Can black holes affect our galaxy?
"Black holes have not been taken seriously for a long time"
This year's Nobel Prize in Physics honored the researchers Andrea Ghez, Reinhard Genzel and Roger Penrose for their discoveries on black holes. But while black holes are now the focus of numerous research groups and experiments, the mysterious celestial objects were dismissed by many scientists as a theoretical gimmick until a few decades ago. In an interview with Welt der Physik, the theoretical physicist Jutta Kunz from the University of Oldenburg reports what findings this gradually changed and what role the contributions of the Nobel Prize winners played.
World of physics: Black holes are probably one of the most puzzling objects in our universe. How did researchers get the idea that there must be black holes in the first place?
Jutta Kunz: As early as the 18th century, researchers John Michell and Pierre-Simon Laplace thought about what it would mean if stars were much denser than our sun, for example. According to your imagination, the gravity of these stars could then become so great that other objects could only escape the strong attraction of these stars at extremely high speeds. If a star were compact enough, even the speed of light would no longer be sufficient. The researchers called these hypothetical objects, from which we cannot see light, dark stars. But at the time it was still unclear whether light is even influenced by the force of gravity of an object. To describe this, a new theory was needed - general relativity.
What has changed with general relativity?
When Albert Einstein published his general theory of relativity in 1915, he revolutionized our understanding of space and time. Because he no longer describes space and time as a rigid framework in which physical processes take place. In his theory, Einstein combines space and time into a common structure, the so-called space-time. This spacetime is warped by matter. The matter in turn moves through space-time and is influenced by the curvature in its movement. Light also follows the geometry of space-time and is thus deflected by the force of gravity from celestial bodies such as the sun. This complex interplay between space, time, matter and light is described by Einstein's equations.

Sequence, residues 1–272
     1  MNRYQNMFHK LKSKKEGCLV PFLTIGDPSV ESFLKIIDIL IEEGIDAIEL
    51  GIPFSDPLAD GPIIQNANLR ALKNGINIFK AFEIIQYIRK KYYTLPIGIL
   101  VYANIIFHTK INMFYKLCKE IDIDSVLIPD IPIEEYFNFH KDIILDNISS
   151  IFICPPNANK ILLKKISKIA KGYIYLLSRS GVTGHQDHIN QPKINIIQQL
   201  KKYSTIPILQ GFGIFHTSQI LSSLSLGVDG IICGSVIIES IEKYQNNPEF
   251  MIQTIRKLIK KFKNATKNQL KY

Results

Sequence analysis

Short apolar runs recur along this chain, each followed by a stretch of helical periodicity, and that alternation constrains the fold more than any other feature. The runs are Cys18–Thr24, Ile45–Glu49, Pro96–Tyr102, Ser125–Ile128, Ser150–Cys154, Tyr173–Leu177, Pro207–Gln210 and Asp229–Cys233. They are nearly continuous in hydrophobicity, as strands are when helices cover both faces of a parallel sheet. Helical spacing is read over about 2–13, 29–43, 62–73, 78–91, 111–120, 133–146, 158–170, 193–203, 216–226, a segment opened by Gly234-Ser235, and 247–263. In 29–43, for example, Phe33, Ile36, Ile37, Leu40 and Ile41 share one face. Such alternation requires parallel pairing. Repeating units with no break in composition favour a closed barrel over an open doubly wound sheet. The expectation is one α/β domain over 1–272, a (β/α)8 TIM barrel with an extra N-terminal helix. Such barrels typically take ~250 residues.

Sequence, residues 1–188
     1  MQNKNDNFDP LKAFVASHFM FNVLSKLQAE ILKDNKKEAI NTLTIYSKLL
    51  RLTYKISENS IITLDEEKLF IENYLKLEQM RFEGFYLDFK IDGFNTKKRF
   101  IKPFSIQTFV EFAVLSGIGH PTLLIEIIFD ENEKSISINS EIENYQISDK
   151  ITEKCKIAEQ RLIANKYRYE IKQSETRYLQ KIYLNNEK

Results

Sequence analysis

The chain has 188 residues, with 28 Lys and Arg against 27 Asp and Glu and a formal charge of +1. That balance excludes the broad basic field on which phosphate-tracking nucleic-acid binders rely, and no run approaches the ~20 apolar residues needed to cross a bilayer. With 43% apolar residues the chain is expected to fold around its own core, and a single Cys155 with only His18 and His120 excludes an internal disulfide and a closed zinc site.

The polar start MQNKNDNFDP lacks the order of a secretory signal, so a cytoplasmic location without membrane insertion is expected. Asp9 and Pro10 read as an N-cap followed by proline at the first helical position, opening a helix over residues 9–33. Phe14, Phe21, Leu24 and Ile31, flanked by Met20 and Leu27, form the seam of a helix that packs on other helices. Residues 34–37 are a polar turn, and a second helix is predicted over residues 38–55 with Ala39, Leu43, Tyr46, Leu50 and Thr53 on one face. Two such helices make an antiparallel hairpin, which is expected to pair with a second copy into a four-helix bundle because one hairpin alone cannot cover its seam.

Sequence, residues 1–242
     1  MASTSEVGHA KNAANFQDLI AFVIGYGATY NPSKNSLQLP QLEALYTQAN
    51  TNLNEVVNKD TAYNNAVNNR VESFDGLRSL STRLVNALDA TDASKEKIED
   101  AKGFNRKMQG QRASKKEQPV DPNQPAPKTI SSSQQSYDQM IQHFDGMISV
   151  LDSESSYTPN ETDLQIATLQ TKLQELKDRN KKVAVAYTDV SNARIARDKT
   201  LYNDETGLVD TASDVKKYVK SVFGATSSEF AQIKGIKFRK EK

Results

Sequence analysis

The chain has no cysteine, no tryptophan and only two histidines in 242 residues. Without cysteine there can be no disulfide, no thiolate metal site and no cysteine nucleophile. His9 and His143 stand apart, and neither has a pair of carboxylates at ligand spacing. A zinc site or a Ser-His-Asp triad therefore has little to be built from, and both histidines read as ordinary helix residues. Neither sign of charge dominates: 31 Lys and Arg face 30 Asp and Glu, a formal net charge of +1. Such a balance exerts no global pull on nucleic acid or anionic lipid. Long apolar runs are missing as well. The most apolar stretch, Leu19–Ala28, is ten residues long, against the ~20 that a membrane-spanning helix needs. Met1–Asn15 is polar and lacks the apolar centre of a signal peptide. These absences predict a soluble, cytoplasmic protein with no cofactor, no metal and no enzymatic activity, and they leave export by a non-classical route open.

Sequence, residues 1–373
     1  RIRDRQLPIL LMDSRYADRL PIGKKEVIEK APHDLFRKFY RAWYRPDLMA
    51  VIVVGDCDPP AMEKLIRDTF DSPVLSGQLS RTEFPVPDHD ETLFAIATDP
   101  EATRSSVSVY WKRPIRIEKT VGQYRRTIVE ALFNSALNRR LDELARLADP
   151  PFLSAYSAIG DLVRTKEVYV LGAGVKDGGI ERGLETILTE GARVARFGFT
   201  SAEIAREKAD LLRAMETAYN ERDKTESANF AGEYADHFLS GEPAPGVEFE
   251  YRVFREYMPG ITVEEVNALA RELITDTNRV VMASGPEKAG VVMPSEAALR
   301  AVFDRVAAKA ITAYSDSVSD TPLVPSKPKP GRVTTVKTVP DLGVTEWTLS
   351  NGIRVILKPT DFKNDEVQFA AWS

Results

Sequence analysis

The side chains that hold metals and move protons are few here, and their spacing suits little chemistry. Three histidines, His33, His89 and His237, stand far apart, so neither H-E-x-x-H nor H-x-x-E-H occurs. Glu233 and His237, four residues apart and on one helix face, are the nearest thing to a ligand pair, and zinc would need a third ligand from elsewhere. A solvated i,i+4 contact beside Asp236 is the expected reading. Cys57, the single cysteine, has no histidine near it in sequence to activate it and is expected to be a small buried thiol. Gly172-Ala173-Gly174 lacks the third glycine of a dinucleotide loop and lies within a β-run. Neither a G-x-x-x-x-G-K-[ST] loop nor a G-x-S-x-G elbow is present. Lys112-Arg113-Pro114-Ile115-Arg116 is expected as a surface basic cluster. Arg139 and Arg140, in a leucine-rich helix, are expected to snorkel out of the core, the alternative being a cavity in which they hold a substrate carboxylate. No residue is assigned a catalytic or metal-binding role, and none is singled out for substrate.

And these equations also describe black holes?
Exactly. The possibility that black holes exist is already in the equations of general relativity. But the equations are very complex. For the first time, the astronomer Karl Schwarzschild discovered the possibility of black holes in the equations when attempting to apply the general theory of relativity to our solar system: To do this, he calculated how much our sun bends space-time and how this curvature the orbit of the planets and the course of Light affects. Indeed, during a solar eclipse in 1919, astronomers could see starlight being deflected by the sun's gravity.
But where does a black hole appear in Schwarzschild's calculations?
In order to find a solution for the complex equations, Schwarzschild greatly simplified our solar system: In his model he assumed that the entire mass of the sun is concentrated in one point and calculated how much this point-like mass bends space-time in its surroundings. In reality, however, the sun extends over a radius of almost 700,000 kilometers - and what the equations showed for a smaller radius did not matter for the solar system. In this inner area, however, Schwarzschild's calculations revealed strange behavior that the scientists were initially unable to explain. Today we know: This inner area of the solution describes a black hole.
What does this enigmatic inner area look like?
Simulation of the event horizon of a black hole
The closer you get to the compact mass, the more space-time curves. At some point this curvature is so strong that even light is not fast enough to be able to escape. This boundary is called the event horizon and separates the inner area from its surroundings. No light and therefore no information can get out from there. In the middle of the center, the curvature of spacetime becomes infinitely great. But at that time the scientists did not yet know what this so-called singularity and the event horizon were supposed to mean. Many doubted that this theoretical solution was even relevant for our physical reality. It was impossible to imagine an object that was compact enough to produce such a large curvature.